Food & Drink

Techniques and tools for making a salad

Chop: Cut into coarse or fine irregular pieces with knife, food chopper, blender or food processor.

Chopping garlic: Hit garlic clove with the flat side of a heavy knife to crack the skin, which will then slip off easily. Finely chop the garlic with the knife.

Dice: Cut food into squares smaller than 1/2 inch, using knife.

Grate: Rub a hard-textured food, such as chocolate, citrus peel or Parmesan cheese, against the small, rough, sharp-edged holes of a grater to reduce it to tiny particles. For citrus peel, grate only the skin, not the bitter white membrane.

Julienne: Cut into thin, matchlike strips with knife or food processor, as for fruits, vegetables and meats.

Peel: Cut off outer covering with knife or vegetable peeler, as for apples and potatoes, or strip off outer covering with fingers, as for bananas and oranges.

Shred: Cut into long, thin pieces with either the round, smooth holes of a shredder, a knife or a food processor, as for cabbage, carrots and cheese.

Slice diagonally: Place knife at 45- degree angle to food, and cut into slices of equal width.

Toss: Tumble ingredients lightly with a lifting motion, as for salads.

A few cooking how-tos:

How to cut bell peppers: Cut pepper lengthwise in half. Cut out seeds and membrane.

How to squeeze lemons: Squeeze and measure juice from lemon halves by placing the juicer over a measuring cup. The juicer also strains out most of the seeds and pulp.

How to chop onions: Wash onions; remove any loose layers of skin. Cut green onions into thin slices, using some of the green part and the white part. Discard the tip with the stringy end.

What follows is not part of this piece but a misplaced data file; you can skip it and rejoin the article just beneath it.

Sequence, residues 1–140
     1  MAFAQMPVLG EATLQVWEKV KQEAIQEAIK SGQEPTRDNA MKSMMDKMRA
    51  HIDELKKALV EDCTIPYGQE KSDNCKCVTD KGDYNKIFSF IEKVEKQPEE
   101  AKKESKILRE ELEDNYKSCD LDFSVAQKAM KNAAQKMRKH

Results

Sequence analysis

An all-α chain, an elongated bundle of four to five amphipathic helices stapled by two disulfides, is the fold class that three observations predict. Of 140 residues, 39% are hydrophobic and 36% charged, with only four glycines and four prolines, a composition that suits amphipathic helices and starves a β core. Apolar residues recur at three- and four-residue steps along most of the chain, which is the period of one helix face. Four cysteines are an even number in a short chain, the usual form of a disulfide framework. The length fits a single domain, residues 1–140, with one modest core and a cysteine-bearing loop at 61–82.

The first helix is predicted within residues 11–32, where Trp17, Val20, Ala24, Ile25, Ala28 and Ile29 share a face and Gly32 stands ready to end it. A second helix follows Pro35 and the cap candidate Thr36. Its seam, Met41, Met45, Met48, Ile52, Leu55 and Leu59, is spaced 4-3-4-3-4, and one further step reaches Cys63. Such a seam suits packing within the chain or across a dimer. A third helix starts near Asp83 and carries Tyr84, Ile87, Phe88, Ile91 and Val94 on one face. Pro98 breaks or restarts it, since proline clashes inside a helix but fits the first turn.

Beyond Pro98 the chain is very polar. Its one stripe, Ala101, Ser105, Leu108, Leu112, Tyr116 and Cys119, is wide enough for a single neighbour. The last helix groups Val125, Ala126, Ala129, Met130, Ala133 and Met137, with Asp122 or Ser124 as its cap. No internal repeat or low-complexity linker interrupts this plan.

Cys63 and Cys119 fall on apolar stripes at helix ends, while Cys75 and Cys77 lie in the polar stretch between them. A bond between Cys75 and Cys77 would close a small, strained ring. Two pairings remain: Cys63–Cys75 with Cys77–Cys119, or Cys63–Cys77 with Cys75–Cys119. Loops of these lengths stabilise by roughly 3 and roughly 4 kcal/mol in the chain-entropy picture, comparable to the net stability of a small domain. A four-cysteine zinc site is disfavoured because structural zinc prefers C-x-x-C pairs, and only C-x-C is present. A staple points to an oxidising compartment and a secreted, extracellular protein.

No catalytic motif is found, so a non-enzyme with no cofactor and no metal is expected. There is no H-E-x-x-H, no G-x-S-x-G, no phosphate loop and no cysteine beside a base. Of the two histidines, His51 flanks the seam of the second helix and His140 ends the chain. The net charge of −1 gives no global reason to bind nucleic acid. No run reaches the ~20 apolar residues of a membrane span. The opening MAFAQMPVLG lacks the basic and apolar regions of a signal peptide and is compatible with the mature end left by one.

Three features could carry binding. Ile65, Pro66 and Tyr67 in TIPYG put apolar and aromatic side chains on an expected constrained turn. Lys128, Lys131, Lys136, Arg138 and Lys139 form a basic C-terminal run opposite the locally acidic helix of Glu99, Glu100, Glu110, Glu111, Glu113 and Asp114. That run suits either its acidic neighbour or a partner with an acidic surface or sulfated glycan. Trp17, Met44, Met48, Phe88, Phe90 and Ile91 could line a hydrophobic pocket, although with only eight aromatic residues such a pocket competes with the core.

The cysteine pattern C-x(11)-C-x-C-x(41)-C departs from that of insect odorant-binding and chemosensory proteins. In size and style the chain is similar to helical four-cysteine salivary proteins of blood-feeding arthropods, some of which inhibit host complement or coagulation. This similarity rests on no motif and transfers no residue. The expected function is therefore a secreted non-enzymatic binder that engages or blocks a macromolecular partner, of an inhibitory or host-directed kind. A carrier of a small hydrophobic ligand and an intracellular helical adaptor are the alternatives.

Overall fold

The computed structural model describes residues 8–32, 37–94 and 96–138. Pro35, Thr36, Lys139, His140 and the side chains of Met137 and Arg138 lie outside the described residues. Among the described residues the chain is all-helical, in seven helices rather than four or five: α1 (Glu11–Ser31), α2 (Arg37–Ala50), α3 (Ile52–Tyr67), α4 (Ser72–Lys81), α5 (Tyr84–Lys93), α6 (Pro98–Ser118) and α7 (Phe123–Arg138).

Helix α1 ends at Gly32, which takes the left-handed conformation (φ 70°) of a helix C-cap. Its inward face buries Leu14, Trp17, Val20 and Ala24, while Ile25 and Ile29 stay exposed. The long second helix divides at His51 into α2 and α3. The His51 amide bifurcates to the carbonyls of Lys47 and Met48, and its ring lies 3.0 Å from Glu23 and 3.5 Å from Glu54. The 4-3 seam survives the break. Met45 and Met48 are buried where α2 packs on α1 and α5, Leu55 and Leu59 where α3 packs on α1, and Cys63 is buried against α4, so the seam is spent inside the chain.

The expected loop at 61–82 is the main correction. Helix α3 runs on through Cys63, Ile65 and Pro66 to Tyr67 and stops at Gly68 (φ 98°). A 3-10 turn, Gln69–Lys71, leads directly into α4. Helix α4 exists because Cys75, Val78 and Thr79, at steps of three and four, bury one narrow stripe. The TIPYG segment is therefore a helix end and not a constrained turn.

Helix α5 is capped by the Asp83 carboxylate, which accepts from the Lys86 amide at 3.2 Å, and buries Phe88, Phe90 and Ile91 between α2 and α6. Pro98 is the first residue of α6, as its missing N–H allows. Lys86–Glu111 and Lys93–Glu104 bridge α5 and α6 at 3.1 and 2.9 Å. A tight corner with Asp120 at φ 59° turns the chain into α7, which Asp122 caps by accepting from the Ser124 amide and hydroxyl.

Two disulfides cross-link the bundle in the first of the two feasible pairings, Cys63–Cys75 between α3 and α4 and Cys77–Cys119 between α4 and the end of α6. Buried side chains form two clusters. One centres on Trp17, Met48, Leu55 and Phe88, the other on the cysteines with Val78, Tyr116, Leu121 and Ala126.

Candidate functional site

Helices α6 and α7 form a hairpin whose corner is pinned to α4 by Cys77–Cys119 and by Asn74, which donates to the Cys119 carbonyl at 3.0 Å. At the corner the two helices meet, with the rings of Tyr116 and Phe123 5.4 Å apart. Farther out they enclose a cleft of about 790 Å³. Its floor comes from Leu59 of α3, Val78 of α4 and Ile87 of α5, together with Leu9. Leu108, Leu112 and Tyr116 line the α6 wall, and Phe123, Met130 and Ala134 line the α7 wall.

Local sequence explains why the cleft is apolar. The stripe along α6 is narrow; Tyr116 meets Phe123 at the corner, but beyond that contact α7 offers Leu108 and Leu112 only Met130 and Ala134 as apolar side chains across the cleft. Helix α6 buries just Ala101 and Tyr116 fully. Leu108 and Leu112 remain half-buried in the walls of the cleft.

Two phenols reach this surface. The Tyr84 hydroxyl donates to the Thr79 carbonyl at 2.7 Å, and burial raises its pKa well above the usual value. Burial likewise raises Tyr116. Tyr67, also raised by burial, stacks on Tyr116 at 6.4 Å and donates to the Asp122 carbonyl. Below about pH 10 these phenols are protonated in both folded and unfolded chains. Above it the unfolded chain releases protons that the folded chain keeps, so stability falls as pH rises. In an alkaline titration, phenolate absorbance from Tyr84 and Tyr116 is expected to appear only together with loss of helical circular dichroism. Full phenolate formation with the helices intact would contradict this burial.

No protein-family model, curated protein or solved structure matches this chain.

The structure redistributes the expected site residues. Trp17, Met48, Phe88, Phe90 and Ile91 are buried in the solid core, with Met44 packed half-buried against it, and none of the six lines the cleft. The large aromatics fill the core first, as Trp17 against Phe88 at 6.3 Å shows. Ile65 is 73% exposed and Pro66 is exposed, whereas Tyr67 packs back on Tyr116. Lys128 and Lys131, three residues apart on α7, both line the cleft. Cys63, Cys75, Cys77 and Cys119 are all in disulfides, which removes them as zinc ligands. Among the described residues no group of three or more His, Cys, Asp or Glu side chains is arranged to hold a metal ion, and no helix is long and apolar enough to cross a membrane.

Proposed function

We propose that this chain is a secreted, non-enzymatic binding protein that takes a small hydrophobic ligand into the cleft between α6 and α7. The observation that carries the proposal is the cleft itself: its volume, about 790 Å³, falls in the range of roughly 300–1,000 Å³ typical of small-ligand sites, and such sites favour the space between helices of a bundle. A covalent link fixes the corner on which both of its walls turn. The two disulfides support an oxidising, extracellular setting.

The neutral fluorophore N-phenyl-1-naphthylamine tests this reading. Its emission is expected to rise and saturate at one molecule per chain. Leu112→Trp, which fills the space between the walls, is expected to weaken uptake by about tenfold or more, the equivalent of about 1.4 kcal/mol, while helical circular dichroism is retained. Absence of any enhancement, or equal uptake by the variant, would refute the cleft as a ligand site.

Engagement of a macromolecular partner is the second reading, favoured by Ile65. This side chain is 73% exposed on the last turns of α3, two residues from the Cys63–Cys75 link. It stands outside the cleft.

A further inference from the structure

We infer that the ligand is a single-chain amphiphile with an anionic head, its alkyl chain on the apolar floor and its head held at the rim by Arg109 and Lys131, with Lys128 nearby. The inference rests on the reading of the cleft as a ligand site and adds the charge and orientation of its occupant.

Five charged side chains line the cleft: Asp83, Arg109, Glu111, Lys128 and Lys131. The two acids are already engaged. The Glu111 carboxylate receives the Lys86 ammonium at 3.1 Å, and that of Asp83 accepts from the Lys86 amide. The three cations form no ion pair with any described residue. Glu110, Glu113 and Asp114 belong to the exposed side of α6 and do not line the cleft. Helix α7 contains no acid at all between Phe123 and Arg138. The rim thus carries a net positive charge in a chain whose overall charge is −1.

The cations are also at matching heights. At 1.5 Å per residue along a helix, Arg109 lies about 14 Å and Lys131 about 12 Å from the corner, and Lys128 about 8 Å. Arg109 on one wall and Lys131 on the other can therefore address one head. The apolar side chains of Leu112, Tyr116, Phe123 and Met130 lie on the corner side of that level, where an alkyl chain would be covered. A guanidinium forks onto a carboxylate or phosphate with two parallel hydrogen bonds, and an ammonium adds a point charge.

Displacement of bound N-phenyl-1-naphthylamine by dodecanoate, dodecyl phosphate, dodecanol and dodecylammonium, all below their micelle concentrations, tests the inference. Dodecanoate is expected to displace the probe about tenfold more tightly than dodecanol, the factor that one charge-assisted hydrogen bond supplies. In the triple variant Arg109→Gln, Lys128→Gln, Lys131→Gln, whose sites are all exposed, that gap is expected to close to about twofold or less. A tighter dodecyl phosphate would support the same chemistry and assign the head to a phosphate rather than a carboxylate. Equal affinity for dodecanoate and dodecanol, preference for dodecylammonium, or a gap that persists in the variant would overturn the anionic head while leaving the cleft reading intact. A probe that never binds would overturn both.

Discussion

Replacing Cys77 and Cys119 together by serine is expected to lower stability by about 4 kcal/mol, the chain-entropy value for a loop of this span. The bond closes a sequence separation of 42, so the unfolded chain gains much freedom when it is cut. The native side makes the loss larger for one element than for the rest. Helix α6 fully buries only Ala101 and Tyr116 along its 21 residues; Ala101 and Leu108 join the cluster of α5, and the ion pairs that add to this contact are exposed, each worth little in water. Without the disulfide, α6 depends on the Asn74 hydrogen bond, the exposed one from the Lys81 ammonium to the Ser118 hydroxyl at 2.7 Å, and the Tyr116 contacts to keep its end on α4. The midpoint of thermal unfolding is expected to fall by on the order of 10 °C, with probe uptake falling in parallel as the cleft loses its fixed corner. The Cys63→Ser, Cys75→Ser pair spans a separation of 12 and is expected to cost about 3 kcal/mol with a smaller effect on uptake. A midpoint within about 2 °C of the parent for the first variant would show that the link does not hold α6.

How to prepare mushrooms: Rinse mushrooms and cut off stem ends. Leave mushrooms whole or cut into slices.

How to prepare fresh tomatoes: Wash tomatoes. Cut into 8 wedges or slice 1/2-inch thick. Peel tomatoes before cutting if desired. To remove skin easily, dip tomato into boiling water 30 seconds, then into cold water. Or scrape surface of tomato with blade of knife to loosen; peel.

Tools for salad preparation

Salad spinner: After rinsing salad greens, using a salad spinner is a quick and easy way to dry them. It's a plastic bowl containing a basket that holds greens. The lid contains a mechanism that spins the basket and forces moisture out into the bowl.

Salad tongs: They may be wooden or plastic, usually have a larger end for tossing a salad.

Scissors or shears: Good for snipping fresh herbs, cutting and trimming of ingredients.

Chef's knife: This knife has a heavy, triangular blade 6 to 12 inches long. A medium-size blade, about 8 to 10 inches, is the most versatile size. It is used for chopping, slicing and dicing as well as for crushing a clove of garlic. This knife also is called a cook's knife.

Paring knife: It has a small blade, about 21/2 to 3 inches long, and a rounded or pointed tip. If you plan to have only one paring knife, choose one with a pointed tip. You'll need it to cut up fruits and vegetables.

Vegetable brush: Use to clean vegetables.

Vegetable peeler: Use to remove a thin peel from apples, potatoes and carrots. Is much easier to use than a knife.

Zester: A cousin to the vegetable peeler, a zester is a kitchen tool made to remove strips of peel from citrus fruit. The cutting end has 5 little bladed holes.

Sources: Cook's Illustrated, Betty Crocker,